'Diabolical' staffing levels at South Holland GPs highlighted by NHS patient survey, say Glynis Scalese and George Scott
A patient survey has highlighted the strain ‘diabolical’ staffing levels are putting on our GP services.
An NHS questionnaire has provided statistics on satisfaction levels with doctors surgeries throughout the area - with four below average nationally when it comes to providing a ‘good overall experience’.
Spalding’s Beechfield Medical Centre, along with Holbeach and Long Sutton’s surgeries, had over 30% of their patients fail to put them in that category - while Munro Medical Centre in Spalding fell just below the national average of 72%, with an approval rating of 71%.
Beechfield and Long Sutton were joined by Spalding GP Surgery, Littlebury Medical Centre (Holbeach) and Swineshead Surgery in being below the nationwide average for giving patients their preferred appointment time slots.
Beechfield scored particularly poorly in that category, with 14% of its patients seeing their doctor when they would like - compared to a 38% national average.
South Holland District councillor Glynis Scalese, who works with the Health Scrutiny Committee for Lincolnshire, believes the majority of these problems come down to staffing shortages within the industry.
She said: “We just haven’t got the staff. Where are those people coming from? A lot of them retired during Covid and don’t want to come back because of the stress and the strain that there now is on the NHS.
“I don’t know where all this is going now, I really don’t. We just can’t get anybody. It’s diabolical.”
Coun Scalese does not believe staff members themselves are at fault for the issues - and the majority of our area’s services did score well for their treatment once appointments were obtained.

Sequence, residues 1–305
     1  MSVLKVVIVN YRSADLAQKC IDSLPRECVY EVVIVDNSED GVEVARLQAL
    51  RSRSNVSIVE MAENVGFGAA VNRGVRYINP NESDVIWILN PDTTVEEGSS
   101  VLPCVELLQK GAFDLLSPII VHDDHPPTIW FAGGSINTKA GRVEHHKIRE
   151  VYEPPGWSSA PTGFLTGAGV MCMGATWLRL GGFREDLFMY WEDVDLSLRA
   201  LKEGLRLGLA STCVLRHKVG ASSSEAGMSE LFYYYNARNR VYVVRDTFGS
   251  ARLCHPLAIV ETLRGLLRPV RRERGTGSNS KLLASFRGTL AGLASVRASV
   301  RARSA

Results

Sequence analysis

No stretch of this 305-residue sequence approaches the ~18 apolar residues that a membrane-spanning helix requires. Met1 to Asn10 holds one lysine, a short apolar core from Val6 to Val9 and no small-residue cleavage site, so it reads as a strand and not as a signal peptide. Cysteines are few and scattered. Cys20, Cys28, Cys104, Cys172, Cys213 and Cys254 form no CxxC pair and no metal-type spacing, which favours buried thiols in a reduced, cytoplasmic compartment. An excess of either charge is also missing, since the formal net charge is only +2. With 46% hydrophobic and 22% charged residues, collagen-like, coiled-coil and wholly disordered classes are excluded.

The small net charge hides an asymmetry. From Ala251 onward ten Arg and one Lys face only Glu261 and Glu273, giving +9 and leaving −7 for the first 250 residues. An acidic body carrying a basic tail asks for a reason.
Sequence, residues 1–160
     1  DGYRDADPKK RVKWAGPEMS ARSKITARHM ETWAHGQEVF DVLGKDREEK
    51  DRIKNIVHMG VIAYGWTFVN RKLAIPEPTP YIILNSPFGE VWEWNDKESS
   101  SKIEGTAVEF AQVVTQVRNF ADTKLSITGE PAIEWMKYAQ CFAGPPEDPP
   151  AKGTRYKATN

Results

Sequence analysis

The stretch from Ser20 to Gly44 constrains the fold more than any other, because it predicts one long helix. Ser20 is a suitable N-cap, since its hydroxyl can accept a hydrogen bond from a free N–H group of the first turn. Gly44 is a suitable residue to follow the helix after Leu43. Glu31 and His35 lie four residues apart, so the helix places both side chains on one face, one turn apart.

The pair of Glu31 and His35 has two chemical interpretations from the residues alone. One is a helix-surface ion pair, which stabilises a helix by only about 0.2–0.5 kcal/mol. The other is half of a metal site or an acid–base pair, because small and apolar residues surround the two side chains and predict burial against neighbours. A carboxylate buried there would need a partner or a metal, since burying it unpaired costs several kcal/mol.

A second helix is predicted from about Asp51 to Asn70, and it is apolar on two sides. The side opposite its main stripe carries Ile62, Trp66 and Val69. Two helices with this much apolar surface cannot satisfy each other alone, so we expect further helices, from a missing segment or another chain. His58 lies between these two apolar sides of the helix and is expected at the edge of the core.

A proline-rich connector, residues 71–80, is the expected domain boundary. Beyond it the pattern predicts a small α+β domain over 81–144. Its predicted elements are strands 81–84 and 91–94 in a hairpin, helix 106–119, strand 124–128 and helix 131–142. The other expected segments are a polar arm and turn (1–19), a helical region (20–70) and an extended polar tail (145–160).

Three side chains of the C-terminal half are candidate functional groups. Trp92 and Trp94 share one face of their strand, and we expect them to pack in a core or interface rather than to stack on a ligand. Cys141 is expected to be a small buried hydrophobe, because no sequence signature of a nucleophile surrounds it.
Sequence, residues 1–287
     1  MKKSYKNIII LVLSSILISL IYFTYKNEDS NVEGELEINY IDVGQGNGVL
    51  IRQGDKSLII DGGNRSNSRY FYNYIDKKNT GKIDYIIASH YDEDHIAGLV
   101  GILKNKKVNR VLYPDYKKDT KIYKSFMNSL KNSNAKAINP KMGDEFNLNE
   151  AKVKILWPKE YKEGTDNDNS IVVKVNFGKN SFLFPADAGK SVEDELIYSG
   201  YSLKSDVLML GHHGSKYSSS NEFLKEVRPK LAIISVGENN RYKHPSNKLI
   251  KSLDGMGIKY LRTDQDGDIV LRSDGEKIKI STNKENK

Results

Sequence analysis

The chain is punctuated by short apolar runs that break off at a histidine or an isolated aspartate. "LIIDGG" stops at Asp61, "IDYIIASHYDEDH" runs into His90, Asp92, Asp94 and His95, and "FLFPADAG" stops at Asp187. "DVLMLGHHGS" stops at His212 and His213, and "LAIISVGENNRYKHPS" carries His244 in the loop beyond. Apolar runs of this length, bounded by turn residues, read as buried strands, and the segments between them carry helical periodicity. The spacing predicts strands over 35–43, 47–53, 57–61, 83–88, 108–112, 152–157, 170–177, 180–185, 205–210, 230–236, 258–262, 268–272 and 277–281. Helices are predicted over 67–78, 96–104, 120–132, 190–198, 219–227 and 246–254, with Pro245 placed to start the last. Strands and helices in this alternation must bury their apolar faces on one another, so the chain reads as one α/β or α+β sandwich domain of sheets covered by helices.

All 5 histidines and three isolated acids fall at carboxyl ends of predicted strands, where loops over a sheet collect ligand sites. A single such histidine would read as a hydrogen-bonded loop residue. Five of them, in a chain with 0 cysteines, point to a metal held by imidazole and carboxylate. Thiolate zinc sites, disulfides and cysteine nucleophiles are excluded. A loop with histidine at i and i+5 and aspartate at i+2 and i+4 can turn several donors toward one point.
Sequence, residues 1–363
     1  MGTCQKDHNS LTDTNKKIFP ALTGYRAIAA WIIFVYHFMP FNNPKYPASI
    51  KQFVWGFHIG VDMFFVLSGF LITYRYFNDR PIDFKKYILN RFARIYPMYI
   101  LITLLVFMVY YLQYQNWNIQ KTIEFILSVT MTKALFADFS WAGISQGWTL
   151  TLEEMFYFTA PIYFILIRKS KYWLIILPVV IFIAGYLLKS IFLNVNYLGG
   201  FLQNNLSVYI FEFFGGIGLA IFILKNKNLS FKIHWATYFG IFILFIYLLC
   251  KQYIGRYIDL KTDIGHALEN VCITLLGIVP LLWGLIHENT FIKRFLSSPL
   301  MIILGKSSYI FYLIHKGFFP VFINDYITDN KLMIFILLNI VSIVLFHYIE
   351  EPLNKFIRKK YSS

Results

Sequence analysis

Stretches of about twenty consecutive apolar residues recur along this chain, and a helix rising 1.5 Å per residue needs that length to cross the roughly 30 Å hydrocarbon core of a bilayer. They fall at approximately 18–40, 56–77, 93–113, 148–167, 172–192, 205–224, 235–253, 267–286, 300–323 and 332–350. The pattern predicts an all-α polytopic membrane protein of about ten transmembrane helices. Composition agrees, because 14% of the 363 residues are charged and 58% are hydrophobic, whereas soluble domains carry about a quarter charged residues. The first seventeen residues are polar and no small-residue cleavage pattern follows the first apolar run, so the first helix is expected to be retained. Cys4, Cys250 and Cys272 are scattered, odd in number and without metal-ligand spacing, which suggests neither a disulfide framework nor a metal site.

She praised the Munro Medical Centre, where she is a patient, and said: “I’ve had nothing but absolutely top notch treatment from them.
“Nothing has ever been too much bother to that surgery.”
However, she added that she understands the public’s frustrations. Last week, as part of her Healthy Scrutiny Report, she suggested devising an incentive programme to improve recruitment and retention at GP surgeries.
Coun Scalese also believes increasing the number of receptionists at surgeries will reduce the time patients spend in phone call queues.
George Scott, a former NHS worker who is campaigning to keep the GP surgery at the Johnson Community Hospital open, doesn’t believe aspiring doctors will be tempted to our area if they see facilities closing down.
He added that patients struggling to book appointments will ‘definitely become an issue’ if more than 3,000 of them are forced into finding another surgery.
Mr Scott said: “Our biggest problem is that we’re getting houses built left, right and centre. The population of Spalding is going to increase over the next few years, so what are they going to do about it?
“How are they going to deal with the influx of patients?”
According to Mr Scott, health chiefs should be aiming to open a fourth surgery in Spalding rather than closing one down.
He praised the current booking service and treatment quality at the Johnson Community Hospital’s surgery.
In the NHS survey, Gosberton Medical Centre performed particularly well.
The surgery scored in the 90% region for much of the ‘Your last appointment’ category, while 91% of patients described their overall experience at the practice as ‘good’. The second highest in our area was 78% at Swineshead - with the national average at 72%.
Gosberton’s practice manager Dorota Kowynia-Kaczor said: “Praise is always something that we want to hear.
“People are very quick to judge and very quick to give you a negative opinion, but it’s not so very often that you get good praise. That’s something that will definitely boost our morale and makes us feel so much better.”